The Champions League draw proved itself to be as eager to please as ever, throwing the ties that had everyone had been wishing for before the balls were picked.
Yes sir, Olympiacos v Bordeaux is going to be a humdinger alright.
Elsewhere, a bit of fuss has been made about a couple of reunions that the draw has facilitated, Surprise Surprise-style.
David Beckham will get the hero's return to Old Trafford he had so openly wished for, while Jose Mourinho may not be so happy about his flying visit back to Stamford Bridge.
Becks said on the eve of the draw: "I would really like it if we draw my old club. Since I left in 2003 I have not gone back to play at Old Trafford (as a club player). Seven years have gone by and I want it to happen. Me against United, great no? It would be very difficult but also very exciting."
Exciting is one way of putting it, though perhaps it's not the emotion that Alex Ferguson is feeling. A Kaka-inspired Milan comfortably beat United en route to their 2007 crown, and the clamour for Fergie to meet Beckham when he arrives next March adds an awkward sub-plot to a clash that he would rather have avoided.
The pair's relationship had grown frosty during the then England captain's final season at the club, as Brand Beckham began to threaten to Fergie hairdryer for supremacy. With the strategic use of an Alice band to show off the head wound sustained by the boot which Ferguson kicked in anger across the dressing room, Beckham moved on to Real Madrid.
The last time their paths crossed sums up the enmity between the two. After United's semi-final win at Arsenal last season, Ferguson came out after the match to find Beckham and Fabio Capello waiting for him. Ferguson greeted the England boss warmly, and even gave the Italian a manly hug as Beckham stood there with a strained grin. It's just as well he didn't spread his arms in anticipation of his own share of the man-love, because Fergie breezed right past him, with only an almost imperceptible acknowledgement to the man who was such a key part of possibly his greatest side.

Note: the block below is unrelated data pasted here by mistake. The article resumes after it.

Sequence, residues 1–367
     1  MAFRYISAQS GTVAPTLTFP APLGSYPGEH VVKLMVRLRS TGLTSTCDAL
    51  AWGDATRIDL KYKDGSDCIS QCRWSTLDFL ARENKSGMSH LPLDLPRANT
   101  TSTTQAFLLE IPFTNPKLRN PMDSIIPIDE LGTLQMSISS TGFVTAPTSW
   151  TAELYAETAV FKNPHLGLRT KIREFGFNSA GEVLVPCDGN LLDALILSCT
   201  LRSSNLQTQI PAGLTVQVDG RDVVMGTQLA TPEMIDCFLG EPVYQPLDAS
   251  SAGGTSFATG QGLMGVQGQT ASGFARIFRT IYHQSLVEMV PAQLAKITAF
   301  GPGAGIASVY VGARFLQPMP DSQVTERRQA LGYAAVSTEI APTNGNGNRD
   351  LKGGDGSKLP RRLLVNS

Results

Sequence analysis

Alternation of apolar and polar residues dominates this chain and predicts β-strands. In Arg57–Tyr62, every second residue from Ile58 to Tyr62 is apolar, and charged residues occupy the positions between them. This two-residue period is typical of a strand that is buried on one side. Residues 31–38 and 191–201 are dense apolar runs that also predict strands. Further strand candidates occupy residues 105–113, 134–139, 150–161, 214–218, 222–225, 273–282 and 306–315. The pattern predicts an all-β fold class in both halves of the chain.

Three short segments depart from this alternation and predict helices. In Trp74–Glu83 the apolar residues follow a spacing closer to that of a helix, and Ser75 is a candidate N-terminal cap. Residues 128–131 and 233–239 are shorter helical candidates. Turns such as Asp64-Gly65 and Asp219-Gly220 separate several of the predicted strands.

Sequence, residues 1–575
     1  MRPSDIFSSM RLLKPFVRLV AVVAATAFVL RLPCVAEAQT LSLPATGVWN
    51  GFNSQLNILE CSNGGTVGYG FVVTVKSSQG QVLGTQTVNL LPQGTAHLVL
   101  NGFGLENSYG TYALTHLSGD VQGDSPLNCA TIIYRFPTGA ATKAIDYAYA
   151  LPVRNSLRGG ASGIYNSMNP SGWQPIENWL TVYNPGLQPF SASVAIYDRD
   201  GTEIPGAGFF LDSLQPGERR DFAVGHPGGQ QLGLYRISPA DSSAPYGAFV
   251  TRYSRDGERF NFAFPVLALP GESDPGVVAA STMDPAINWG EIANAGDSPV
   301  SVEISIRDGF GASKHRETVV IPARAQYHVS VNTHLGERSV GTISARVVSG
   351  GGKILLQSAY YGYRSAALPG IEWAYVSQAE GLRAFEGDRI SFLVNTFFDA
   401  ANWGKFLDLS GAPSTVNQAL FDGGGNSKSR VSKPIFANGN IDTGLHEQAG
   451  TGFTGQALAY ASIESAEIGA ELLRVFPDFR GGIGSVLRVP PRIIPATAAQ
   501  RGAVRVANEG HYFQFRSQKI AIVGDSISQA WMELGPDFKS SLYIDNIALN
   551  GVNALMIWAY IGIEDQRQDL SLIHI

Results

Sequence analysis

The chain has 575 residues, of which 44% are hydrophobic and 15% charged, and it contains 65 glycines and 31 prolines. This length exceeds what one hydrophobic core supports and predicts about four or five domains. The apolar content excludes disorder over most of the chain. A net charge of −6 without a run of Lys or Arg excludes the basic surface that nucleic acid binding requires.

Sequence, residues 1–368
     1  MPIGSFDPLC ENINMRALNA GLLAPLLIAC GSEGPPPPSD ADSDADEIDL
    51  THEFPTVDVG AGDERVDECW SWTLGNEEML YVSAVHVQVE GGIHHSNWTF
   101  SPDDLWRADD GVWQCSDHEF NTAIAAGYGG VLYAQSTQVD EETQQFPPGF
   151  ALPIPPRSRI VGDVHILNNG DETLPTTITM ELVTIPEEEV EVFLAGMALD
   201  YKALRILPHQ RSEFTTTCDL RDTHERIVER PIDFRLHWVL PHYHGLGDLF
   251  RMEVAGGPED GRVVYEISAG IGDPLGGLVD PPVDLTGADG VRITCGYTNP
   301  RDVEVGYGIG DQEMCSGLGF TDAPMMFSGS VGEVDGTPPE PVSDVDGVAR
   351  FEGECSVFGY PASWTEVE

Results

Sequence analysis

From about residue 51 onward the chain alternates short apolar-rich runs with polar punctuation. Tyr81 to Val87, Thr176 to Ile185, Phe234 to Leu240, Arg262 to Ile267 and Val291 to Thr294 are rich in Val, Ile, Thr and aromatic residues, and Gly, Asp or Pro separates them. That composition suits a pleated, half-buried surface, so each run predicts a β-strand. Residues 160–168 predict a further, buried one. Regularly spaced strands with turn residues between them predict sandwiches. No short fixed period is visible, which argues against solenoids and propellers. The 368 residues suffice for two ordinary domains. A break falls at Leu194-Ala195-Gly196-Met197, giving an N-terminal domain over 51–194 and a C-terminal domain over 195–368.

Beckham is sure to get a rapturous reception from the Old Trafford crowd when he arrives for the second leg, but he will be determined to take his chance to finally prove his former boss wrong. Ferguson need only ask Capello or Steve McClaren to find out what happens when you rub Golden Balls up the wrong way - he always wins in the end.
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Mourinho's return to Chelsea will follow in a similar vein. The Bridge faithful will welcome him back with open arms, but the hierarchy of the club may be less keen to embrace him following his acrimonious departure.
However, the Chelsea fans have now moved on, as, in Carlo Ancelotti, they finally have a manager that they have taken to their hearts. They have learned to love again.
By contrast, the Special One will arrive for perhaps the most high-pressure match of his career, as another year of mediocrity in Europe is unlikely to be tolerated by the Inter board.
Mourinho's mark is still all over Chelsea in terms of their powerful personnel and their forceful style of play, but he is in real danger of being savaged by the very monster that he himself created.
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STAT OF THE DAY: 0 - the number of goals that new Everton new ringer from the MLS, Landon Donovan, has scored in his two previous loan spells in Europe with Bayer Leverkusen and Bayern Munich.
Jim White: Warm balls anyone?
Fantasy: Choose 'em or lose 'em
Stars of the decade: No.7 Sachin Tendulkar